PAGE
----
At this midpoint of Lent let us renew our resolve to repent and ‘sin no more’ – LifeSite

(LifeSiteNews) — The station is in the church of Saint Susanna, virgin and martyr of Rome. The reason of this church having been chosen is, that, today, there is read the history of the chaste Susanna, the daughter of Helcias.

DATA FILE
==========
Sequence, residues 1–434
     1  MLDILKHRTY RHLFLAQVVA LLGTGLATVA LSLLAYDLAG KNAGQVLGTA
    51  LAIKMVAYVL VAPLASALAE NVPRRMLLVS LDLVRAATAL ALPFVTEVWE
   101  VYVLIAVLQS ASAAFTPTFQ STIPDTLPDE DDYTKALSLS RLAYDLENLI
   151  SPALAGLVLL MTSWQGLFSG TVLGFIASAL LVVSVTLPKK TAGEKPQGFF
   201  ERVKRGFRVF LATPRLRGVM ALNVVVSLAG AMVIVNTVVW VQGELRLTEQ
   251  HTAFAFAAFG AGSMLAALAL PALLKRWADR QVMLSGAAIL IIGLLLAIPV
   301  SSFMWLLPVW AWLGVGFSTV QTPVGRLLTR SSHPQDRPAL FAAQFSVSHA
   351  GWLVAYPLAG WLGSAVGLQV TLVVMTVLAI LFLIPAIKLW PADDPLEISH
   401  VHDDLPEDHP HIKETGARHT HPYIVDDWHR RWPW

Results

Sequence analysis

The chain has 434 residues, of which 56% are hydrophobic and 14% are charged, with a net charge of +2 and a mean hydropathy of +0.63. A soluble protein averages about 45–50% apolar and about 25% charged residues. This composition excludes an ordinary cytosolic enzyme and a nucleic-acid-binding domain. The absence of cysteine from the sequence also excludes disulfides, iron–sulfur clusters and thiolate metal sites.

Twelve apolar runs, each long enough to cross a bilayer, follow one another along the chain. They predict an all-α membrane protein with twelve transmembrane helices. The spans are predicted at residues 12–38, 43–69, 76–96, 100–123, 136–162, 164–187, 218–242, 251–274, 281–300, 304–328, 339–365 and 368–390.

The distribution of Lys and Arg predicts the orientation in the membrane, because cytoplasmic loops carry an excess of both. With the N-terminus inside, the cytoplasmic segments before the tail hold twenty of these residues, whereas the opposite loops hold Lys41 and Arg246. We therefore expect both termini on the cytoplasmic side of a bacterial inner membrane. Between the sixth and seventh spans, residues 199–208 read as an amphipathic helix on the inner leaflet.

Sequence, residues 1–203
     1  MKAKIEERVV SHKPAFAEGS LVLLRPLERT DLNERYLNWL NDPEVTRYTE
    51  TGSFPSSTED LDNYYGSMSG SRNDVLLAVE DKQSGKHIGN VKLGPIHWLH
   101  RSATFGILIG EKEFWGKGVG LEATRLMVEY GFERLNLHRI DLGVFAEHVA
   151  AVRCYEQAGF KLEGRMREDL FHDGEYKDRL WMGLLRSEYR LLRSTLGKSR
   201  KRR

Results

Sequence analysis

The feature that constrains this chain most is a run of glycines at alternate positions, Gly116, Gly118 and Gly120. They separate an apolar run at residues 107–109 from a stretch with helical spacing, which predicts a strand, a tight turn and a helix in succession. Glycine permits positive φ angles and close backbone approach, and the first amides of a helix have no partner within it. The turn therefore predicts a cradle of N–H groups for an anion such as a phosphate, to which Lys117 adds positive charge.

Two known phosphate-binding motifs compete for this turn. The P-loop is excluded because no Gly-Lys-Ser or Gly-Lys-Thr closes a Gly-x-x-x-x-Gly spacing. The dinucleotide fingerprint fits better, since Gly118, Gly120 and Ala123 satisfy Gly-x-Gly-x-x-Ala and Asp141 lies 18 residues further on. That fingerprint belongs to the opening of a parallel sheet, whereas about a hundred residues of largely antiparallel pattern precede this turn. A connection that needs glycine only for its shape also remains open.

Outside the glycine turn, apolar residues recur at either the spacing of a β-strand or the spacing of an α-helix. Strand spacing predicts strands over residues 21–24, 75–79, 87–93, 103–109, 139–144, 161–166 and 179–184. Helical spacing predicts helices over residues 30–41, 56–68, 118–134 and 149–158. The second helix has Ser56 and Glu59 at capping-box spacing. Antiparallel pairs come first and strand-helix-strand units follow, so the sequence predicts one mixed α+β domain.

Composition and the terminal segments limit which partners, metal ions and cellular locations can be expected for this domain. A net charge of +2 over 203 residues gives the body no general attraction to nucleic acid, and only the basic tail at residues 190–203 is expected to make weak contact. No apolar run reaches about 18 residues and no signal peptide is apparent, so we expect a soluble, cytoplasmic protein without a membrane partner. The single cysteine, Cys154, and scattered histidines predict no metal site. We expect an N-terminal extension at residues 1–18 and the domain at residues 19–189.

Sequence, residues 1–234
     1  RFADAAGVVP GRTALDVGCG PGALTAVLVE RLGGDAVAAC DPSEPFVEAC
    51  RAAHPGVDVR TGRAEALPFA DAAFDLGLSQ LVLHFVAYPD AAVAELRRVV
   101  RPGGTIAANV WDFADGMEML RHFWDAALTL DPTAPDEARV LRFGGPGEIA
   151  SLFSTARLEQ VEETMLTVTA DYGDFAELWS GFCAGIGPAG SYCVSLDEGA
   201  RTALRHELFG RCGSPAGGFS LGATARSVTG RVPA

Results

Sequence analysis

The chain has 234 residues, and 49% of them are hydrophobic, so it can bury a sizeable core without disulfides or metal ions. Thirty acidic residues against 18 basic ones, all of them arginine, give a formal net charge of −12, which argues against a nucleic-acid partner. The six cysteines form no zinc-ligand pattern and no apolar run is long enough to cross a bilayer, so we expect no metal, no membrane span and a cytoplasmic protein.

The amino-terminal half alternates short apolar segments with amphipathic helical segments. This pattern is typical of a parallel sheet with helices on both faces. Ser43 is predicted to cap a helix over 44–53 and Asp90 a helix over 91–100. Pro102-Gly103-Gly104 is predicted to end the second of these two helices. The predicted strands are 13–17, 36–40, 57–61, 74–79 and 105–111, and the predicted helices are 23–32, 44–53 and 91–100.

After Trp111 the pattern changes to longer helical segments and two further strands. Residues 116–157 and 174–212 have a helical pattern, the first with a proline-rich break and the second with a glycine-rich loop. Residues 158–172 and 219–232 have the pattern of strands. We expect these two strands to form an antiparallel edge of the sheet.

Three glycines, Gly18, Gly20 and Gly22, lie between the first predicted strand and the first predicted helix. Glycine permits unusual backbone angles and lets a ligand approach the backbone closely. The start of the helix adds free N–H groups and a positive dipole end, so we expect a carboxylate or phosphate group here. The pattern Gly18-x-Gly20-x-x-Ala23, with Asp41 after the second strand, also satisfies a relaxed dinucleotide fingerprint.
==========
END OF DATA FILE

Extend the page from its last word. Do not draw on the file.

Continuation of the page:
Grant, we beseech thee, O mighty God, that they who mortify themselves by abstinence from food, may, by observing thy holy law, also fast from all sin. Through Christ air Lord. Amen.


Lesson from the Prophet Daniel 13:1-62